President Trump Signs $2 Trillion Care Package Stimulus to Combat Coronavirus Fallout

Posted on 03/27/2020


In an Oval Office ceremony, U.S. President Donald Trump signed a $2 trillion coronavirus relief bill, after the U.S. House of Representatives passed the bill with a bipartisan vote. The bill is called the Coronavirus Aid, Relief, and Economic Security (CARES) Act. The White House is trying to prevent long-term economic destruction caused by the economic impact of the Wuhan coronavirus pandemic. The relief plan includes one-time cash payments to individuals, strengthened unemployment insurance, additional health-care funding, and loans and grants to businesses to deter layoffs. The law provides a hundreds of billions to the U.S. Exchange Stabilization Fund. Republicans needed Democrat support for the bill’s passage in the U.S. House of Representatives.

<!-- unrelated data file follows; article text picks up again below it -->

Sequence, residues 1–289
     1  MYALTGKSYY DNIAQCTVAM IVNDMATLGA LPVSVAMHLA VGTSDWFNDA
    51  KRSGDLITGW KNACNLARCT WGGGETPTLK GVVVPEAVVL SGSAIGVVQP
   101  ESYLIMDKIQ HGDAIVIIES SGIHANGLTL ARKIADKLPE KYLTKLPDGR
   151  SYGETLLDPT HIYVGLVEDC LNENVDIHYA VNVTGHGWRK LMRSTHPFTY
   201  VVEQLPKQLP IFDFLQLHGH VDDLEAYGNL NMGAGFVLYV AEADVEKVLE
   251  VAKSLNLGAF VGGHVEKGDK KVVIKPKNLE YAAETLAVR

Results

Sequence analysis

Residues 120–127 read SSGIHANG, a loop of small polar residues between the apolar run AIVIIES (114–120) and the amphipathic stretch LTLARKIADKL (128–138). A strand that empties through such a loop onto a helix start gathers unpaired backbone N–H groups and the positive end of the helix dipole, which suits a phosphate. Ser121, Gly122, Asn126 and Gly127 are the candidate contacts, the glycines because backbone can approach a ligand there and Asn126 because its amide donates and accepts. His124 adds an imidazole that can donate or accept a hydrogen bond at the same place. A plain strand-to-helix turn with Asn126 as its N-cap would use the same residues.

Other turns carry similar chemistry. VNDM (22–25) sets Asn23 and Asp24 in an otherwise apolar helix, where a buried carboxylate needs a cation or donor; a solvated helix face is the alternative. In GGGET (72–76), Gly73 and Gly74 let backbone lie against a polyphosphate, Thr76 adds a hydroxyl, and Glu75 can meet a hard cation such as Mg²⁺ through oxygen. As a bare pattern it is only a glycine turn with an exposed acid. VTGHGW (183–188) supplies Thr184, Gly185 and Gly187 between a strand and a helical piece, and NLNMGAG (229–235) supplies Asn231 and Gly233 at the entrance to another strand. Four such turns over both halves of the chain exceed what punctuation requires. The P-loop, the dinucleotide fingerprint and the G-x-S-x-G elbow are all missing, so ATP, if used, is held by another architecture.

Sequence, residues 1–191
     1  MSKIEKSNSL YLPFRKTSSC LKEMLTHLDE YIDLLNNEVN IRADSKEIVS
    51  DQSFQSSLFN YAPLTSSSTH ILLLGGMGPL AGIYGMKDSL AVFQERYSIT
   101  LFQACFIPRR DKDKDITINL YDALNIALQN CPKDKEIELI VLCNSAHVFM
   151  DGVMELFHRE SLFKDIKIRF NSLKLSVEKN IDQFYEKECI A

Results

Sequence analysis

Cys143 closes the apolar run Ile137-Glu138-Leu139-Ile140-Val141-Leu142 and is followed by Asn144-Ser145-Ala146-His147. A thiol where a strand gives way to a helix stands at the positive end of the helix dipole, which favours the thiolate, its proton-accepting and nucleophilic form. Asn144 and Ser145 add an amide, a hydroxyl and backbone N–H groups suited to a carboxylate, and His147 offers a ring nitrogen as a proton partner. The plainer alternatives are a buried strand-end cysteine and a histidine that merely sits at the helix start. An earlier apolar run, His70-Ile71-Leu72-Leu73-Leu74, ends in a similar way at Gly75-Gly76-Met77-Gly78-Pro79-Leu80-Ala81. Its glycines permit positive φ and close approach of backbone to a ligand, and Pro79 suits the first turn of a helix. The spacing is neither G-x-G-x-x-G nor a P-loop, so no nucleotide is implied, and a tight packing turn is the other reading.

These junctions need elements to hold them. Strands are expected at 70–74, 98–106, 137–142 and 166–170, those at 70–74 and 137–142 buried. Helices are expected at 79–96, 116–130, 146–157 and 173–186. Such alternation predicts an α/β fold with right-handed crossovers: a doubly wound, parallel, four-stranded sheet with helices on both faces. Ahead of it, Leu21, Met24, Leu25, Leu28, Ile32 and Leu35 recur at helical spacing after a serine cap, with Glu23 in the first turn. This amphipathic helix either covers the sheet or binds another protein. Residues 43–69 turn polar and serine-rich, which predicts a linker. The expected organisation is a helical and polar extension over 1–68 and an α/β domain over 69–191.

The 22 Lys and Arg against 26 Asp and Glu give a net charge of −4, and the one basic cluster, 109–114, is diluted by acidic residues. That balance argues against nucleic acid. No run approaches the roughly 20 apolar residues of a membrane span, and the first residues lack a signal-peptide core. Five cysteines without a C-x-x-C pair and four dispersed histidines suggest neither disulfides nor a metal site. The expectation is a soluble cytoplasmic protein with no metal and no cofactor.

The 880-page coronavirus stimulus package is the largest economic relief bill in U.S. history for individuals, large corporations, and small businesses.

House Speaker Nancy Pelosi was able to sneak in a long-list of items including US$ 350 million for migration and refugee assistance, US$ 75 million for PBS and NPR, US$ 75 million for the National Endowment of Arts, US$ 75 million for the National Endowment of the Humanities, US$ 25 million for the Kennedy Center, among other items. Pelosi was not invited to the signing ceremony in The White House and believes that Congress must do more.

Direct Cash Payments

The bill provides for direct payments to U.S. citizens and legal immigrants, giving individuals who make up to US$ 75,000 a year checks for US$ 1,200, couples making up to US$ 150,000 payments of US$ 2,400, and an additional US$ 500 per child. The payments decrease for those making more than US$ 75,000, with an income cap of US$ 99,000 per individual or US$ 198,000 for couples.

At the same time of this fiscal policy response, the Federal Reserve and other agencies have acted aggressively to mitigate the economic impact of the coronavirus pandemic and have issued guidance and temporary relief covering a range of issues.

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